Francis Gardom on ‘the courage of my convictions’
The words ‘Courage’ and ‘Conviction’ have a favourable ring. We admire courage, whilst deploring the lack of convictions (in the sense of’being convinced’) displayed by our fellow beings.
Whilst it’s often laudable to put one’s convictions courageously into practice, in practice it can equally often prove disastrous.
Take the example of Oliver Cromwell’s religious convictions which led to the massacre after the Siege of Drogheda in 1649. He admitted that, ‘in the heat of the action, [I] forbade them [his soldiers] to spare any that were in arms in the town,’ and justified this command by saying that such severity would ‘discourage future resistance and save further loss of life;’ whilst describing the resulting slaughter as ‘the righteous judgement of God on these barbarous wretches, who have imbued their hands with so much innocent blood.’
In Cromwell’s case ‘the courage of his convictions’ was not a reliable guide to the right course of action. It left a permanent scar on Anglo-Irish relations which persists to this day.
Sadly ‘my convictions’ often means ‘the way I have become accustomed to thinking about something but which I have not examined critically for donkey’s years.’ They may be no more than knee-jerk attitudes which we adopted uncritically many years back.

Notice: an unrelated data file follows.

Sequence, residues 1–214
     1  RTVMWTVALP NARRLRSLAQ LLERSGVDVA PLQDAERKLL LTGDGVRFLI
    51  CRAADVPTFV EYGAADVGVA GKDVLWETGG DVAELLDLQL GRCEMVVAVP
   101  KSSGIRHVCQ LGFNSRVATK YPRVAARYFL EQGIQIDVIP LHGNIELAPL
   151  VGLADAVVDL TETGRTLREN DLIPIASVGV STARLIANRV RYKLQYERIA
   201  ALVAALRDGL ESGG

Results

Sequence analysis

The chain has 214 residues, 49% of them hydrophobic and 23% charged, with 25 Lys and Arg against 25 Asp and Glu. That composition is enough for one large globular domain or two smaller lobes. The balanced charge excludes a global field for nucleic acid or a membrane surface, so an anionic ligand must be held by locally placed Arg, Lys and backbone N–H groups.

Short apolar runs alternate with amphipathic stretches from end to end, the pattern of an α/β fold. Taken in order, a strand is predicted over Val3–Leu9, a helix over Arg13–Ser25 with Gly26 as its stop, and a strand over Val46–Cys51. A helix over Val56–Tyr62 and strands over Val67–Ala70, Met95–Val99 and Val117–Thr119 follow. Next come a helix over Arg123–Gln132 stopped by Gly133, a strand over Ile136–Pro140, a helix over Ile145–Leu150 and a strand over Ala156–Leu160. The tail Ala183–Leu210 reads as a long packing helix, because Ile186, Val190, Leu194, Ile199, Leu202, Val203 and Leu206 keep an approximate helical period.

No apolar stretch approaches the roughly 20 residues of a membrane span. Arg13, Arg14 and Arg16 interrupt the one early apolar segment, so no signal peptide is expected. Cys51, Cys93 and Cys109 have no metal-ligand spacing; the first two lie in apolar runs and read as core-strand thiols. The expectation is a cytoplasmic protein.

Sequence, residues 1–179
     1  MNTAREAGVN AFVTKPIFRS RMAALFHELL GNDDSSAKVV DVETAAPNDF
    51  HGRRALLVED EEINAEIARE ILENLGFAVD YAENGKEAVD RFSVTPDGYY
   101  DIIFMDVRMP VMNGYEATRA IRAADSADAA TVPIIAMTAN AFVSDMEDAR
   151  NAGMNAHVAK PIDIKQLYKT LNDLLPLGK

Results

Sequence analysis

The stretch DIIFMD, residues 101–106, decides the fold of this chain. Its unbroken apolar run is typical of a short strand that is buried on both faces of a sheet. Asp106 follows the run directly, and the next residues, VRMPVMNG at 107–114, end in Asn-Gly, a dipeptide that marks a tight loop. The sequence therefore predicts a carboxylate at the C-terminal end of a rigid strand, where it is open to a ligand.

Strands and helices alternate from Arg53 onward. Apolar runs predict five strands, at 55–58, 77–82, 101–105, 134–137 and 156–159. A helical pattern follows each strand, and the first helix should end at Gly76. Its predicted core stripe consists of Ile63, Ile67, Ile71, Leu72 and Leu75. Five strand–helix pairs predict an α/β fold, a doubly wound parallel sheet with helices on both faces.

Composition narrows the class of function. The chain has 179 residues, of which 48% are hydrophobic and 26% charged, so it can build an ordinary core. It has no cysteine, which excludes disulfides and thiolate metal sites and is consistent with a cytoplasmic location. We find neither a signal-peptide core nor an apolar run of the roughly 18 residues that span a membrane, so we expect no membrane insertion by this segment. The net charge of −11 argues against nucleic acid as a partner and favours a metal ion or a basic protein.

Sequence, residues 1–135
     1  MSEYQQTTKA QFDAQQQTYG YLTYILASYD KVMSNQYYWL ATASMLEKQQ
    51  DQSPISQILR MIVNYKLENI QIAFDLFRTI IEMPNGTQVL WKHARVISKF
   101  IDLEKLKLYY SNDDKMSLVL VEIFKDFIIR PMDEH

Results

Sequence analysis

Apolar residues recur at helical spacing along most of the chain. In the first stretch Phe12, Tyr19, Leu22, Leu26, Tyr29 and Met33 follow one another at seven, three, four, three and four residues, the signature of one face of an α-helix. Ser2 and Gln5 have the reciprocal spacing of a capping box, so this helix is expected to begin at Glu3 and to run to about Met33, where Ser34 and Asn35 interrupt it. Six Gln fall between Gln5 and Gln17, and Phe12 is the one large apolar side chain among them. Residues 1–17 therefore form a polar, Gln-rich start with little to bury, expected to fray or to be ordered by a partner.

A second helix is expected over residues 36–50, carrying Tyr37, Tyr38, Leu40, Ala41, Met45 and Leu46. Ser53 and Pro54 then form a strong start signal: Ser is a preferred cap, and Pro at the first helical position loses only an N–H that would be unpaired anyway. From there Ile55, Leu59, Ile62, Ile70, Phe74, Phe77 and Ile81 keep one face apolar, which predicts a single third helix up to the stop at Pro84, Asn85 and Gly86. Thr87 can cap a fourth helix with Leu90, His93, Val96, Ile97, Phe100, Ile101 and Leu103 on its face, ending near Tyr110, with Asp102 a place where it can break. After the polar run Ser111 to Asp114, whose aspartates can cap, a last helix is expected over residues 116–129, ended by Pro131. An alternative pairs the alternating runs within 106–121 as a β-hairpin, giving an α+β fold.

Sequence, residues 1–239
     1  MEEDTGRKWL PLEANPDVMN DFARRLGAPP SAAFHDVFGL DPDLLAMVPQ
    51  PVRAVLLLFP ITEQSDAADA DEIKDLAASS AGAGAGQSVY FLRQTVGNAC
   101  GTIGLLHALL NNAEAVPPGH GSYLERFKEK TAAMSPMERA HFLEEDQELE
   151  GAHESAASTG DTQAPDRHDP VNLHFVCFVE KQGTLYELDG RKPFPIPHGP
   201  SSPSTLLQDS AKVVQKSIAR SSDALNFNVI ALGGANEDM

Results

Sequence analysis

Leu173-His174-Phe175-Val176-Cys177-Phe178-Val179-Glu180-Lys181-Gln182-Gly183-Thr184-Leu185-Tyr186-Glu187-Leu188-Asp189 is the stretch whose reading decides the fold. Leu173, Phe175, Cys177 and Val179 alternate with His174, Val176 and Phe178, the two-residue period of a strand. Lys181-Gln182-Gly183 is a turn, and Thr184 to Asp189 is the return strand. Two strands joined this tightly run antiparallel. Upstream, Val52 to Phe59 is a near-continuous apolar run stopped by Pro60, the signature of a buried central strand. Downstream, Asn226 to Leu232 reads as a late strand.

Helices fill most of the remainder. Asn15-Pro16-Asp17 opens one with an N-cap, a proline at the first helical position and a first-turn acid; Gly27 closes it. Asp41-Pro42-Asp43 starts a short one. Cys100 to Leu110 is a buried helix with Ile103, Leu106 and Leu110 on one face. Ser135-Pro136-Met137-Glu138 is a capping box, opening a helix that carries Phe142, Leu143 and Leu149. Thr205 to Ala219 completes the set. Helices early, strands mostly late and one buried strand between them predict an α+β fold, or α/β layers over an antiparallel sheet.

Thence it’s only a short step to those convictions becoming our ‘darlings’. Anyone daring to challenge them is seen to be stretching forth his hand towards the apple of our eye. So it is no bad thing periodically to examine our convictions by metaphorically taking them down from their shelves and giving them a good dusting.
We are often reluctant to do this, because, over time, such convictions have become so much part of ourselves that we are reluctant to expose them to public scrutiny lest they might prove to be misguided.
Before giving full throttle to ‘the courage of our convictions’ we should recall that other mot juste of Oliver Cromwell to the General Assembly of the Church of Scotland: T beseech you, in the bowels of Christ, think it possible you may be mistaken.’